Public service, surely, is a privilege. Turning up must be the bare minimum requirement for the job. What to make, then, of the draft law by the Federal National Council that would make it obligatory for members to attend committee sessions?
The draft law highlights a problem that the FNC has long wrestled with: the lack of attendance by some members. The debate on Tuesday in the chamber was heated and the issue clearly stirs up strong feelings, even beyond the FNC.
Let’s start with an acknowledgement that attendance at the FNC is not a reflection of the commitment of individual members. In other elected bodies, for example parliaments, attendance is generally not even noted. Rather attendance is inferred from the voting records or from those attending specific committees. There is a recognition that members may spend a great deal of time working for the people who elected them, but not always in the chamber.
And yet politicians must not only do their work, they must be seen to do their work. Especially in a country developing so rapidly, FNC members need to put forward their best efforts. Members have in the past complained that ministers they have called to attend have failed to turn up. What sort of example does it set if FNC members themselves don’t show up? The UAE’s system of government, like any system, can only work if all parts pull together.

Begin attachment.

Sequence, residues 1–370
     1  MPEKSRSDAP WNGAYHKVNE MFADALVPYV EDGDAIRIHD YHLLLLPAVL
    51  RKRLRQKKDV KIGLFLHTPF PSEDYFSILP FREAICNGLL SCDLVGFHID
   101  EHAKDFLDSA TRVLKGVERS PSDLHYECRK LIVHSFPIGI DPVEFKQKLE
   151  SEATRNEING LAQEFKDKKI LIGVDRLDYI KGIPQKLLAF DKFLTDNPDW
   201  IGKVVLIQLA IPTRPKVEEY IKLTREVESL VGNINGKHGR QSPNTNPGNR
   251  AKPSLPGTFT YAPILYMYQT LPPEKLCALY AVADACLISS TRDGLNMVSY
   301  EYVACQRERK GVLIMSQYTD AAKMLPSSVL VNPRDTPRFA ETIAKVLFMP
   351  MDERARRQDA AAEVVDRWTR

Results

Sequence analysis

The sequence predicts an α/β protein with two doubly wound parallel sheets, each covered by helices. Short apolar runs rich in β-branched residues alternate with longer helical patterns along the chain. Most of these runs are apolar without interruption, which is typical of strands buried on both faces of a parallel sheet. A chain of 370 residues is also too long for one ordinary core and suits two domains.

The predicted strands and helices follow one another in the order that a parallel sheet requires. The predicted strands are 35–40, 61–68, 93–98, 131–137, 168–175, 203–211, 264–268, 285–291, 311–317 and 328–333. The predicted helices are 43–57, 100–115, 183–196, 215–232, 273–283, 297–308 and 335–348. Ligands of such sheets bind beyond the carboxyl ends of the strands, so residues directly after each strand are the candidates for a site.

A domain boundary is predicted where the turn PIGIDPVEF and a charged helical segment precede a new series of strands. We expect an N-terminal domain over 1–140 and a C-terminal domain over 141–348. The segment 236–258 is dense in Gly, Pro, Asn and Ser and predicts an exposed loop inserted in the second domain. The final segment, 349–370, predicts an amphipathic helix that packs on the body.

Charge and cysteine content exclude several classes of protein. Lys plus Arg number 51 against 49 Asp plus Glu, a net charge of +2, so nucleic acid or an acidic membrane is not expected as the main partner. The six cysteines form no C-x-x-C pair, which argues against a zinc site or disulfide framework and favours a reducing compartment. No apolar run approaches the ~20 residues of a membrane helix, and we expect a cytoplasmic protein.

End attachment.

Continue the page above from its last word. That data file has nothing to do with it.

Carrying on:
A draft law won’t help in that respect, since it only records attendance not engagement. Far better to publish records of attendance, committee membership and questions posed by members. That way, any member of the public can see what their FNC representative is up to – and, if they have fallen short, get rid of them at the next election.
After all, serving the country is a rare privilege (and one that FNC members are well-compensated for). If individual members find the task too taxing, then – as the number of candidates who putthemselves forward for last year’s election shows – there are others who would be happy to take their place.